Polygon is Buzzfeed grade trash. Would you expect quality reporting from Fox News?

The article itself is clearly marked 'opinion' which means anything goes. There really is no need to be upset, or even care, about it.

Silvanus:

These elements have been discussed and explored throughout art and artistic critique since the very formation of art; they play a central role in some of the greatest artistic pieces (and their critiques) in the history of artistic media. Simply ignoring them would lead to a poorer, more bankrupt artistic landscape. I reject that completely.

But in these artistic explorations, or rather explorations of the artistic, have they been critiqued within or without context? I haven't seen any critique of art that focused on representation while disregarding everything else which is why I do consider it a valid concern that such is becoming quite common in videogame critique (including Twitter stuff from vidya "journos").

Phasmal:

cleric of the order:

Phasmal:
A corporation isn't my friend? Say it ain't so!

Also, it's weird how some people like really hate some pretty harmless and bland websites like Polygon and Kotaku, or is this like an "ethics" thing that I'm just not getting? I dunno. I tend not to get angry about things like that.

I would not categorize polygon as harmless given they had something to do with those sites pushing the "you'll take what you've given" and being generally anti-consumer hacks.
whether people want to dwell on the ME3 controversy or not the gamers are entitled mythos arguably has not helped the fact that a fair bit of corporate games come to us peacemeil and mildly broken on day one.(not a big deal for me because, yah know Monkey island rule, and i mostly play indie anyway)
in fact if I'm not mistaken Colin Moriarty came from polygon and they were the folks that published this nonsense in the first place.

But if you disagree that then they are simply a bunch of corporate centrifuges, people being say "too old" to enjoy destiny, entitlement and the like doesn't really do anything but shit on their consumer base with sophist tripe.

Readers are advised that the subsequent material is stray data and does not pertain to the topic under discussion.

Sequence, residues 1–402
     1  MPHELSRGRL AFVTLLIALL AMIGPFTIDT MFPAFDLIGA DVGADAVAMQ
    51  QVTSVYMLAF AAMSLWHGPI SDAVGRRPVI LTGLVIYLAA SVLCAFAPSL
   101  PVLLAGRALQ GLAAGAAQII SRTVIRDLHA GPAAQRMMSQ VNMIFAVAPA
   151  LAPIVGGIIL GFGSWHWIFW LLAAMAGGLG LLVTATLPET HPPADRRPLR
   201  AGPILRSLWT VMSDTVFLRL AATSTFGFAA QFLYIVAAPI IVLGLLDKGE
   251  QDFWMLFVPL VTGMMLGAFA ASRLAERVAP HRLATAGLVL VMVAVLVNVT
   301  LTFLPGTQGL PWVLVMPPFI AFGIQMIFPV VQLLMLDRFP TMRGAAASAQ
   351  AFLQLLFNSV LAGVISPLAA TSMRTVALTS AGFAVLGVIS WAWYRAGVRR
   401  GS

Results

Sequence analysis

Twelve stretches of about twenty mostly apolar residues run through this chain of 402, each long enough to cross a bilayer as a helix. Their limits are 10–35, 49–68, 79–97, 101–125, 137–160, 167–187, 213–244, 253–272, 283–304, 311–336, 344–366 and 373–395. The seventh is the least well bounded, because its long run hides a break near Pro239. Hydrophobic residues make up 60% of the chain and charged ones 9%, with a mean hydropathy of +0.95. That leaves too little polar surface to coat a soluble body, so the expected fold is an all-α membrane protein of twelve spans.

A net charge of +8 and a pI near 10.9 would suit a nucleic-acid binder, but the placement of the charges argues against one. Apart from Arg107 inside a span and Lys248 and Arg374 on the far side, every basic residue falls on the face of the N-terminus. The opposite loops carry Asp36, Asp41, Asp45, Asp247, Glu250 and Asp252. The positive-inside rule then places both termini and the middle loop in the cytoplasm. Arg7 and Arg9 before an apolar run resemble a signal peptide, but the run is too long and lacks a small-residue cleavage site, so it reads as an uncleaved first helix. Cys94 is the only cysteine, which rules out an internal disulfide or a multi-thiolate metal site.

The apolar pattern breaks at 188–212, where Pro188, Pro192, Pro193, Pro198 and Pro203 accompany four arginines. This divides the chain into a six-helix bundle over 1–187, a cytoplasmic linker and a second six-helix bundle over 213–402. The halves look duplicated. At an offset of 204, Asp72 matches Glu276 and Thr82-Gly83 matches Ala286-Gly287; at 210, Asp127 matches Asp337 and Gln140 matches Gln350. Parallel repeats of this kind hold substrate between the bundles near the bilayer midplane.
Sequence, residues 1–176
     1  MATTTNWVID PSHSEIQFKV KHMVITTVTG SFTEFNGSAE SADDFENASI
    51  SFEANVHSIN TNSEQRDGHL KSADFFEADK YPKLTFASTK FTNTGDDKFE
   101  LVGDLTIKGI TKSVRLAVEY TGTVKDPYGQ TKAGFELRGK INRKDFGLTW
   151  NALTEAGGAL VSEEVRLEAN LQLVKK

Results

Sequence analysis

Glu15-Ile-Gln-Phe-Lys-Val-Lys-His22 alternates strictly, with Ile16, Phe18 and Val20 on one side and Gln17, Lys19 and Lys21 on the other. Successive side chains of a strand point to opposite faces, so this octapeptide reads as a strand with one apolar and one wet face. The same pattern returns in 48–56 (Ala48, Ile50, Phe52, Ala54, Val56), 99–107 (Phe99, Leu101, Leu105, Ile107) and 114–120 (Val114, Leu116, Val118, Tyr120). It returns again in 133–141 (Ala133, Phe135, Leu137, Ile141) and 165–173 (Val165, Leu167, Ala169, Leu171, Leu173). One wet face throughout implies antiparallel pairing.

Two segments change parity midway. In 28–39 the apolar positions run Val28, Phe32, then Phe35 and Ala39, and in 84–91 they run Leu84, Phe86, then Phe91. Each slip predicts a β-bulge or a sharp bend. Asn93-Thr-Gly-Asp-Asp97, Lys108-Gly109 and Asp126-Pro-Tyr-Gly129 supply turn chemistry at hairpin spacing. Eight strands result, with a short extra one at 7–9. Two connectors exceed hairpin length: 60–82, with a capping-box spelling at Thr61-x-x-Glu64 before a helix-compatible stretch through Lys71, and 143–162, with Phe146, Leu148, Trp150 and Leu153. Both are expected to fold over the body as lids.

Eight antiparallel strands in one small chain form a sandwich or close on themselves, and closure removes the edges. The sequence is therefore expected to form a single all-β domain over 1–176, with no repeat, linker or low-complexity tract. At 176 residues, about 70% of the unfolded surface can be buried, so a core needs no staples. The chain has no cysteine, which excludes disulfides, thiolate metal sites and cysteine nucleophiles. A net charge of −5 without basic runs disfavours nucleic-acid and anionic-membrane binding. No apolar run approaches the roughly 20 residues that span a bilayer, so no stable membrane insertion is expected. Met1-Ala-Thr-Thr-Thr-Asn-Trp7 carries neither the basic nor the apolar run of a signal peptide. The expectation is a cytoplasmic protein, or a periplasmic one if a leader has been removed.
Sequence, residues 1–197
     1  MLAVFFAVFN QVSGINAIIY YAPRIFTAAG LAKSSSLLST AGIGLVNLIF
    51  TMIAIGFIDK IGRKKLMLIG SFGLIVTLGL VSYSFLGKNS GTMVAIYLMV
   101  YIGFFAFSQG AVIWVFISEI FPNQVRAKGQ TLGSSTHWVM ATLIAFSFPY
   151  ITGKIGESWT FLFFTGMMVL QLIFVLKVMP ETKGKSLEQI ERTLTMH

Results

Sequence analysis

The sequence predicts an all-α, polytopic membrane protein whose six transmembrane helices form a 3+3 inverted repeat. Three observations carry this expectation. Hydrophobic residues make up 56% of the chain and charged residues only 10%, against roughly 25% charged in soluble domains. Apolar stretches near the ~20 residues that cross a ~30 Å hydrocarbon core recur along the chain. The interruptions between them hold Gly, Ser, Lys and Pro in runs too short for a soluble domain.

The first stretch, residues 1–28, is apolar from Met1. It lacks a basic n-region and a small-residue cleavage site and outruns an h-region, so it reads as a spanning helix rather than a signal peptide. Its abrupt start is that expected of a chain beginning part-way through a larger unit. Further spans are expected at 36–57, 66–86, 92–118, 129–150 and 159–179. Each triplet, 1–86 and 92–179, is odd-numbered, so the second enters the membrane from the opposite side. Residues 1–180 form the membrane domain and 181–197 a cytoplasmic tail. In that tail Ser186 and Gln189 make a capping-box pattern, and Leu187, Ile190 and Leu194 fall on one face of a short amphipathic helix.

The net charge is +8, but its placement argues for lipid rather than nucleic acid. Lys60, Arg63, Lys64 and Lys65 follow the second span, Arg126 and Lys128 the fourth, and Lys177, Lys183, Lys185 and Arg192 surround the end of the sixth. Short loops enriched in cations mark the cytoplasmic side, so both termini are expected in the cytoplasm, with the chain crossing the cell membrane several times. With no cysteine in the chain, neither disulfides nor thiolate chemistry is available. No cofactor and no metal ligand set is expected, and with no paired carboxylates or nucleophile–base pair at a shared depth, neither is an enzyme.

The fact that they remain alive worries me greatly

Ok... so ... obviously I've missed a lot because I generally don't know what you're on about.

You see, Polygon is the worst enemy of frozen peaches and ethical jurnalism currently on the internet. Their tyrannical reign is literally ruining games and costing people their lives, so it's up to the noble crusaders of the anti-SJW brigade to take them down and once again bring peace and prosperity to the internet. Only the downfall of Polygon will allow games jernulasm to flourish (because the last target, Gawker, was already taken down, so they need a new bogeyman now)!

Fallow:

But in these artistic explorations, or rather explorations of the artistic, have they been critiqued within or without context? I haven't seen any critique of art that focused on representation while disregarding everything else which is why I do consider it a valid concern that such is becoming quite common in videogame critique (including Twitter stuff from vidya "journos").

Sometimes in context, sometimes out. There has always been lazy criticism.

This is adding caveats that were not present in the original complaint, though. A growing number of people are moaning about diversity being brought up at all, regardless of context.

Silvanus:

Fallow:

But in these artistic explorations, or rather explorations of the artistic, have they been critiqued within or without context? I haven't seen any critique of art that focused on representation while disregarding everything else which is why I do consider it a valid concern that such is becoming quite common in videogame critique (including Twitter stuff from vidya "journos").